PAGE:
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Seattle Times business reporter Elizabeth Rhodes posts the answers to your real estate questions as they pop up during the week. Join this ongoing discussion, which also features reader reaction to real-estate articles appearing throughout The Times.
Home Forum, Seattle Times, P.O. Box 1845, Seattle, WA 98111
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October 22, 2008 8:00 AM
Posted by Elizabeth Rhodes
Q: After moving into our rental house, we discovered the dishwasher didn't work. Several months later the landlord has done nothing about this. We also discovered the house has mold, which the landlord will neither get removed nor allow us to remove and then deduct the work from our rent. What are our options?
A: Read your lease to see if it gives your landlord the option of not repairing (or replacing) broken appliances. It very likely doesn't, which means your landlord must provide you with a working dishwasher -- not because rentals must have dishwashers, but because you leased your house with the understanding you had one.
If your landlord won't repair yours, the state's Landlord Tenant Act allows you to do repairs, then deduct the cost from your next month's rent.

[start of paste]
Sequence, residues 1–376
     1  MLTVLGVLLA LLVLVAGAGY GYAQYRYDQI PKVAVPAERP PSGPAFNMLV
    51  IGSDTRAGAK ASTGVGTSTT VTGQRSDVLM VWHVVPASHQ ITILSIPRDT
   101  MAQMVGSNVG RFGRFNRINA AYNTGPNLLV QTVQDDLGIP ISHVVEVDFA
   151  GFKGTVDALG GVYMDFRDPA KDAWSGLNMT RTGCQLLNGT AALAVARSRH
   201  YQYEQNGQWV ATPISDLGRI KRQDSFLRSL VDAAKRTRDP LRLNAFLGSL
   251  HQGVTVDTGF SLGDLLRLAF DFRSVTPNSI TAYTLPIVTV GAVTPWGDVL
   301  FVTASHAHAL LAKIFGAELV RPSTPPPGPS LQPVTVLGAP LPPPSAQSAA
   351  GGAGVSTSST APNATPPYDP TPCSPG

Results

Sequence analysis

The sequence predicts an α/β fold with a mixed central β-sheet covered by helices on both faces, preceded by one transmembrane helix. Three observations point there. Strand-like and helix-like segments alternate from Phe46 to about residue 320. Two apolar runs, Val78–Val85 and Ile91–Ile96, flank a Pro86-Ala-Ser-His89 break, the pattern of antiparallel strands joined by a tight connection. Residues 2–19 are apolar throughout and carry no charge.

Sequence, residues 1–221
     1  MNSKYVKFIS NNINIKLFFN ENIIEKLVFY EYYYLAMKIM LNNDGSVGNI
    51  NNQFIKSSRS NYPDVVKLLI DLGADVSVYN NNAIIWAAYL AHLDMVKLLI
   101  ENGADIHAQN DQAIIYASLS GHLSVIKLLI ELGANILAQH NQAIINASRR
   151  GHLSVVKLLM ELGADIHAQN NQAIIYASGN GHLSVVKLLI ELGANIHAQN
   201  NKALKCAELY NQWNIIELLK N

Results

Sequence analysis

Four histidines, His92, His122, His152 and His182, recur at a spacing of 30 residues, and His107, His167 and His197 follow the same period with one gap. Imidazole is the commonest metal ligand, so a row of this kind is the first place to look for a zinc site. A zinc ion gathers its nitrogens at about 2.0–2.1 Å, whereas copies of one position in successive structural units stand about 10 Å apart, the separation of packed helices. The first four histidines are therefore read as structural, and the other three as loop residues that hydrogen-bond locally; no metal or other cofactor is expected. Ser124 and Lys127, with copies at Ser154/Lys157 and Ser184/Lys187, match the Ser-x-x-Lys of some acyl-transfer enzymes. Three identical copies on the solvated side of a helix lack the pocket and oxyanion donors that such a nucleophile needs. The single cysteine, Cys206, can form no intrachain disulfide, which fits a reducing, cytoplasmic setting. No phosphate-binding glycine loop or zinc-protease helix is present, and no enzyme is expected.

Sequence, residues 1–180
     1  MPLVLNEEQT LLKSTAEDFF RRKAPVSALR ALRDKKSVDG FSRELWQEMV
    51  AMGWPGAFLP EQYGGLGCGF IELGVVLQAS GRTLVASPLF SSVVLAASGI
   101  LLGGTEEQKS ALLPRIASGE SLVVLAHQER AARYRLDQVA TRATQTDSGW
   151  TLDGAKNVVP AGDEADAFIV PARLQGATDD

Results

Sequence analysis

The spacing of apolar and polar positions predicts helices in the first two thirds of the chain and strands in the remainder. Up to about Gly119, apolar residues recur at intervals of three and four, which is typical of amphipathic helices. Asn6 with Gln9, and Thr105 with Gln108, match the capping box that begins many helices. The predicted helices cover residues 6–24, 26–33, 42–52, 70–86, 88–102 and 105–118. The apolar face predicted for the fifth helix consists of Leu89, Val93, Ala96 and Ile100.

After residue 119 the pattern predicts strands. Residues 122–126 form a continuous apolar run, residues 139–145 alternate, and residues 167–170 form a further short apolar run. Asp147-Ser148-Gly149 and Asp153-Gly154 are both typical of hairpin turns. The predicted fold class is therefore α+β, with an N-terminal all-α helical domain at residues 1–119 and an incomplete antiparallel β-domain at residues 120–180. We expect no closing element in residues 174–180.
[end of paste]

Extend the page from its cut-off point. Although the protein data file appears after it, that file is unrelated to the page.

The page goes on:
It's important to note that you must follow the law exactly, says Kirkland attorney John Rongerude, or risk being evicted for not paying the full rent.
The Tenants Union's Web site, explains the steps involved in repair and deduct, and also gives other options for renters in your situation.
As for the mold, Rongerude says this is "a hard issue because it's something that develops inside the building with common use. Mold that grows in bathrooms and kitchens is just a cleaning issue. It's not something that's the landlord's fault."
Most molds are cosmetically unappealing, but not dangerous to the home's inhabitants, he adds. The few that pose a health threat are expensive to remove "and nothing you'll be able to do on your own in a practical sense."
If you think mold is making you sick, consider getting it tested to see what strain it is. Then if the results alarm you, talk to your landlord about breaking your lease. Should the landlord decline to work with you, contact an attorney to explore your options.
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